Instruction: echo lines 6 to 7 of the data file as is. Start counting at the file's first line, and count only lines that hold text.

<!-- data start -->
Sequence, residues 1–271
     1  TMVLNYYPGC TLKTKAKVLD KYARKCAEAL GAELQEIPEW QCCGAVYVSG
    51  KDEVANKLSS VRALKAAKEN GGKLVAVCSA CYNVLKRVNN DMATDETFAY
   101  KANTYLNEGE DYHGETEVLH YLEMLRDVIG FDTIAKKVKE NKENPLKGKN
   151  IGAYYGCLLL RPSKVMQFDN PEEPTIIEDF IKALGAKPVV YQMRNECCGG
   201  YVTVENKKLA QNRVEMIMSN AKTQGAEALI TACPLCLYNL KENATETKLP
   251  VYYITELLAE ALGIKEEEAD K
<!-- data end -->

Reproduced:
   201  YVTVENKKLA QNRVEMIMSN AKTQGAEALI TACPLCLYNL KENATETKLP
   251  VYYITELLAE ALGIKEEEAD K